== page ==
We could run through a list of FHA rules here and that would be beneficial if you’re having trouble sleeping at night, but instead of a tired list of FHA loan requirements, how about we go through a list of lending “Myths” and show you how an FHA can help overcome these false ideas.
FHA helps people buy homes with little or no money down. The minimum down payment for an FHA loan is currently 3.5%. So if FHA requires 3.5% down, why did I just say that you can buy a home with little or no money down? It’s because there are many creative ways to come up with the down payment for an FHA loan, including:
Although it may strengthen your file a bit if you have extra money left over after closing, on FHA loans this is a minor consideration in most cases. As long as you have enough money to close, you’re usually going to be just fine.
A 2 year job history can certainly help with your approval, but there is no set requirement for this on FHA loans. The rule with FHA is that the underwriter must have some reason to believe that your income is “likely to continue”. That’s it. What does that mean? It means, work with someone who understands FHA loans and not with someone who tells you that since you don’t have a 2 year job history that you don’t qualify.
Did you go to school to train for your job? Maybe you have a nursing degree and just started working as a nurse? Bam! One paycheck is probably enough to get this file approved. Maybe you went to a 9 month truck driving school and have been driving trucks now for 6 months. Bam! That’s an easy story to tell and shows your income is likely to continue. Maybe you had a big gap of unemployment but your company just called you back? Bam! A letter of verification from your employer and you’re probably good to go. Even having several jobs over the past 2 years can be tied together and get you your approval. And if you do have a recently-shaky work history, but you have a degree or certificate related to your line of work – even if it’s from a few years back – provide it with your application. It can help show stability!
Not true at all. Yes, you need to meet minimum standards and FHA just implemented some new rules about how much unpaid bad credit you can have on your report, but for the most part, FHA is designed to help you get back in the game much sooner than other programs. Even after a bankruptcy or short sale, there are ways to get qualified much sooner than you think. And raising your credit score? Pretty easy if someone shows you how.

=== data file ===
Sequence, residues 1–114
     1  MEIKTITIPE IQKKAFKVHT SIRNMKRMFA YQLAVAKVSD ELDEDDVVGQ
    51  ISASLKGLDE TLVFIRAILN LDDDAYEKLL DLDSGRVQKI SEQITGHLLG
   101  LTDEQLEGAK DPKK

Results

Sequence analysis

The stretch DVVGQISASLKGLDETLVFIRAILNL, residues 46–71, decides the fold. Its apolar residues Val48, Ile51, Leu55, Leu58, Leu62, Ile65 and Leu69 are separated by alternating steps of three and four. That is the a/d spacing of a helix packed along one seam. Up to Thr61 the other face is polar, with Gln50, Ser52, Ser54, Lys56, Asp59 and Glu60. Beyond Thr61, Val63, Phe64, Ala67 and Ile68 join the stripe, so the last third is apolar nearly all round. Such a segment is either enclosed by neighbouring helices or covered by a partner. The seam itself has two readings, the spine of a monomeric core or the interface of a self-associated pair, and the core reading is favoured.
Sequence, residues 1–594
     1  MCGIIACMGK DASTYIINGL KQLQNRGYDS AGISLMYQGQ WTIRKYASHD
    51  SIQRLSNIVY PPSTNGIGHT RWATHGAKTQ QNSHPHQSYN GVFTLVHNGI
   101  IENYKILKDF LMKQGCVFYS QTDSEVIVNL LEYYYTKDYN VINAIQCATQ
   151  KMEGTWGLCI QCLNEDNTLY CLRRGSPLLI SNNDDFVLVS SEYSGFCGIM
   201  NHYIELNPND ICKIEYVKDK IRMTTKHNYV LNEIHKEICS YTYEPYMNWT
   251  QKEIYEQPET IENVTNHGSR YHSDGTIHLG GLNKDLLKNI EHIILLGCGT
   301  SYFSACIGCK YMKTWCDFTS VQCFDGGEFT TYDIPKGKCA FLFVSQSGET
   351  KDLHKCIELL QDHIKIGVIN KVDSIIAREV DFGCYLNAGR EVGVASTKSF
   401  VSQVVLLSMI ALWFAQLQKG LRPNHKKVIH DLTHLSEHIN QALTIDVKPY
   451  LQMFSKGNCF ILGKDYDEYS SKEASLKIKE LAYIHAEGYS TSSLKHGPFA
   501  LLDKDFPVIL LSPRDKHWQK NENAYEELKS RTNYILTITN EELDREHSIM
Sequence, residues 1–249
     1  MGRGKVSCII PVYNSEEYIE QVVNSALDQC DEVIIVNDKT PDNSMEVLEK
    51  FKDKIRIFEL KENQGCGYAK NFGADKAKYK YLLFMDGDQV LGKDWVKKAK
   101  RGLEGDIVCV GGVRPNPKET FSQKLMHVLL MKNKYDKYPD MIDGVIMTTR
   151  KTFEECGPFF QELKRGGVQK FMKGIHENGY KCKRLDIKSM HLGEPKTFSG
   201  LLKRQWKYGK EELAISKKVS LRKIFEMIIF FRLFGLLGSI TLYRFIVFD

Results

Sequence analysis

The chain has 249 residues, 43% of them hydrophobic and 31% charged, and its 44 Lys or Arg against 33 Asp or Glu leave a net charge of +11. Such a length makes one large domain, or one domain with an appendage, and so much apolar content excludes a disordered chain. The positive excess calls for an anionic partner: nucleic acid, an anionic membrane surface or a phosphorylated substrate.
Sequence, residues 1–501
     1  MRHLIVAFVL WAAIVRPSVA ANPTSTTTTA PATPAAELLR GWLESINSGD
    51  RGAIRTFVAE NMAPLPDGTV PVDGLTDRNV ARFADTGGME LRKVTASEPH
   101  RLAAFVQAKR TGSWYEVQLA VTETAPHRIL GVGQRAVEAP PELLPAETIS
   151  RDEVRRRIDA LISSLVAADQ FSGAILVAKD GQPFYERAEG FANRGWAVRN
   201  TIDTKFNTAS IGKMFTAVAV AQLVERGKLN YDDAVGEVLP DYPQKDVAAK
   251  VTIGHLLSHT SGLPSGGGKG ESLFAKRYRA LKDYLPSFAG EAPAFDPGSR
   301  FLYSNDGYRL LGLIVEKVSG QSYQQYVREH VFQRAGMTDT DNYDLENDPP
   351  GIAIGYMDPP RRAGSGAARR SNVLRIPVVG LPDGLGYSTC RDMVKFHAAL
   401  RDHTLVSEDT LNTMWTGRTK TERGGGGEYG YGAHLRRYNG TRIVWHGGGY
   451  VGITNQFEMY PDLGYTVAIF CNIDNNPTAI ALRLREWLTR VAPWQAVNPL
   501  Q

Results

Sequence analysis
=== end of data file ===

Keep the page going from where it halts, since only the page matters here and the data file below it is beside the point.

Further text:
Having bad credit is embarrassing, so people with damaged credit tend to wait to talk to a lender “until their credit is better”. This is akin to waiting until you feel better before you go to the doctor. A good lender will WANT to help you fix your credit. We can’t do a loan for you until your credit passes the guidelines – and WE know what those guidelines are. Why wouldn’t you want to let us help you? Don’t be afraid – we don’t bite. And if you call someone who won’t help you – did you really want someone like that doing your loan in the first place? What a great way to find a good lender to use.
FHA allows credit scores as low as 500. Per FHA guidelines, a credit score between 500-579 requires a down payment of 10%. A 580 score is required for the standard 3.5% down. So can you get a 3.5% down FHA loan with a 580 credit score these days? Not likely. You see, FHA’s minimum standards allow these scores but the reality is that the individual lenders are held responsible for the quality and performance of their loans. If a lender does too many bad loans, they can lose their ability to generate ANY FHA loans, or they can lose their special designations (like “Full Eagle”) which come with special perks related to pricing and underwriting speed.
So lenders put “overlays” on the minimum standards, meaning in most cases you still need credit scores in the low 600’s to qualify. This is still far better than what is required for conventional financing programs – and getting to a 620 or 640 score isn’t all that hard. Too many people bought homes during the sub-prime years when they really weren’t ready to do that. Do you really want to try to buy a home before you’ve cleaned up your credit act a little?
Non-Occupant Co-Borrowers are most certainly allowed on FHA loans. If you are short on income, having a co-borrower added to your loan can help get you over the top. But unlike car loans, a co-borrower will not help overcome your bad credit issues. Any borrower on the loan MUST meet the minimum credit standards – you can’t co-sign that away.
Those are some of the major myths that keep many people from talking to a lender. The next section has links to actual FHA guidelines. Get your pillow ready. But now you can search these links looking for the myths above, and see if I’m right with my answers. Just keep in mind: There are minimum standards set by FHA, and then there are actual Lender Guidelines (overlays) that lenders put in place. So just because FHA allows it, that doesn’t mean you can do it!